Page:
Hamlet, Once Again

To ‘kill’ or not to ‘kill’, that is the question

Execution, for a capital crime, means snuffing out a life. By now, readers must have known that this author is no fan of capital punishment. No moral issues are involved. The only reservation is that the punishment is irreversible. And, with so many poor, wretched folk being locked up for years without trial, or wrongly sentenced, ‘judgements that cannot be corrected’ is hard to accept.

Freddie Hall is awaiting execution. He is to be administered a lethal injection. In actual practice, it is a number of injections. Generally, the sentenced convict is tied down, euphemistically called ‘strapped’, to an inclined chair. A series of injections, each with a different purpose, ranging from sedation to poisoning, are then pumped into him. All automatic, of course, so no one has actually ‘killed’ him, or her. They call it humane.

One can imagine the plight of a person being led to the sterile chamber. (It is said that even the needles are sterilised. Why is anybody’s guess.) Surely, when one is so close to meeting The Maker, emotions would play havoc with the victim to be. But the consensus is that Freddie is least perturbed. In fact, he sat through his trial with equanimity on his face and a pencil and paper in hand. He actually doodled his way through.

Freddie is not the tough cookie, as most readers would have decided by now. The authorities feel that he knows not what is about to happen. Freddie is not normal, mentally.

One of 16 children, brought up in abject poverty, Freddie is still a child in his attitude to life. So how did he end up on the wrong side of the law? A terribly wrong side of the law.

Thirty-five years ago, Freddie and another man decided to rob a store. They needed a get-away vehicle. They held up a woman in her car, took her to the woods and raped and killed her. Later, in a shoot-out, a policeman was killed. Freddie got the death rap while his partner got ‘life’ in prison. The court had decided that Freddie was the main culprit. Freddie Hall, murderer… with an IQ of less than 70!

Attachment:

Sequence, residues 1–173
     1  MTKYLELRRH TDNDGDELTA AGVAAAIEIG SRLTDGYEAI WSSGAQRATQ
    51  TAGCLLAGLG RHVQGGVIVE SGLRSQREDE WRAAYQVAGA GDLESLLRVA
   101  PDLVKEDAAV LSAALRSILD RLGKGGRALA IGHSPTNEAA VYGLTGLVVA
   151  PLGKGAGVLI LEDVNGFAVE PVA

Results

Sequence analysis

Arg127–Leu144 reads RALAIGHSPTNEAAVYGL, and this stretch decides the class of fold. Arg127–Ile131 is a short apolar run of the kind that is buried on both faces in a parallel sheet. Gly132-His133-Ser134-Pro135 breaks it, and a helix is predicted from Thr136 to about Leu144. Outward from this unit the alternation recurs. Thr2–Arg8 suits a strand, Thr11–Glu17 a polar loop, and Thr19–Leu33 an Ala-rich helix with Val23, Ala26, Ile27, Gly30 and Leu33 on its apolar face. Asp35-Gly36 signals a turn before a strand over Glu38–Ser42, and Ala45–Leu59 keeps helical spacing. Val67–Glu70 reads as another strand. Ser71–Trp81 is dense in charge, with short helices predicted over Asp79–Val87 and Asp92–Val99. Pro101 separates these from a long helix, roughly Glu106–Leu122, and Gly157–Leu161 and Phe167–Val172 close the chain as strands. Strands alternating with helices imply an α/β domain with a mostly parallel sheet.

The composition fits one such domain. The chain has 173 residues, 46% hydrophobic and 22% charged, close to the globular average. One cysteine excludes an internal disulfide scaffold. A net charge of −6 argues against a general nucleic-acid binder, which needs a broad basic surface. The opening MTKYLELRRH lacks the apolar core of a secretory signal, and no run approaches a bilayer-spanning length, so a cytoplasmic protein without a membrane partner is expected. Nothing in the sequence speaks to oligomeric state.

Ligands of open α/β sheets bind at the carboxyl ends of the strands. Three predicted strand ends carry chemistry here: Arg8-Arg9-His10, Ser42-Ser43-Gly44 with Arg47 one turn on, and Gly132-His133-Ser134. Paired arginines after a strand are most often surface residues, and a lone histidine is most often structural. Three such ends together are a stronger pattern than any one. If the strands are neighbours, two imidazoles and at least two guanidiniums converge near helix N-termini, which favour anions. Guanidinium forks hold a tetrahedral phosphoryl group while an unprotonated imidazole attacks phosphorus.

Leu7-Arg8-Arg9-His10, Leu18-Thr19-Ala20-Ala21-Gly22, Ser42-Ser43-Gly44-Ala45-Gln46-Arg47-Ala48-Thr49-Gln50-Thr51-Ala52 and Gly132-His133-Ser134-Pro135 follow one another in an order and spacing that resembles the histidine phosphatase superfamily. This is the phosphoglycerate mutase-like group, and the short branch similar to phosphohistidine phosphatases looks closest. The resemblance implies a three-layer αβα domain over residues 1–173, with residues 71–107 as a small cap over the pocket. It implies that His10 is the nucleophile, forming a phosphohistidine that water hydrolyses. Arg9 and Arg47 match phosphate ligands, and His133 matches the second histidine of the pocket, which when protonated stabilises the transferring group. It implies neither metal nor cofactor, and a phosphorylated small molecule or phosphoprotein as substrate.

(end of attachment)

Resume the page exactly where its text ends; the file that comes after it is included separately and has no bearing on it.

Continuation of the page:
In some countries, there is a limit below which a person’s IQ entitles him to be declared incapable of normal behaviour. In other, politically correct, words mentally challenged.
Freddie fits that bill. And, since the Supreme Court of America has a stay on executions of such people, Freddie’s case is about to decide the fate of a few thousand others.

The law of crime requires a very important ingredient, in order to obtain a conviction. It is called ‘mensrea’—Latin, for a bad mind, or malafide intent. The law distinguishes between a mistake and premeditated crime. It also considers whether the perpetrator knew of and realised the results of his actions. In other words, an imbecile cannot be considered guilty. Hospitalisation is most often the solution.

You be the judge.
As Freddie awaits the decision and his fate, what is your gut feeling? Should he or should he NOT be executed? Consider the law in force. Consider Freddie’s perceptions of right and wrong. Should the relatives of the murdered woman, pregnant at that time, and those of the policeman, be avenged? Should a life for a life (or two) be the final solution? We will keep our ear to the ground on this one.

In India, a delay of 35 years would set aside the execution. Maybe, as reports tell us, get even a pardon, in the case of Rajiv Gandhi’s killers. Cruel and unusual punishment is, often, cited as a reason. Is insanity, then, also a valid defence?

Of greater import is the benchmark IQ of 70, or whatever. It is almost impossible to obtain a higher IQ than capability. But is it not easy to fool the examiner into lowering the score and thereby escape the gallows? Tough questions. Finally, are we, as humans, supposedly civilised, in a position to faithfully answer these? We rest our case.

Author’s Note: Is it not possible, knowing Freddie’s lack of intelligence, that his companion might have found it easy to mislead the court into believing that it was Freddie, and not he, who pulled the trigger? Anyone for banning CAPITAL PUNISHMENT?

Bapoo Malcolm is a practising lawyer in Mumbai. Please email your comments to [email protected] or [email protected]

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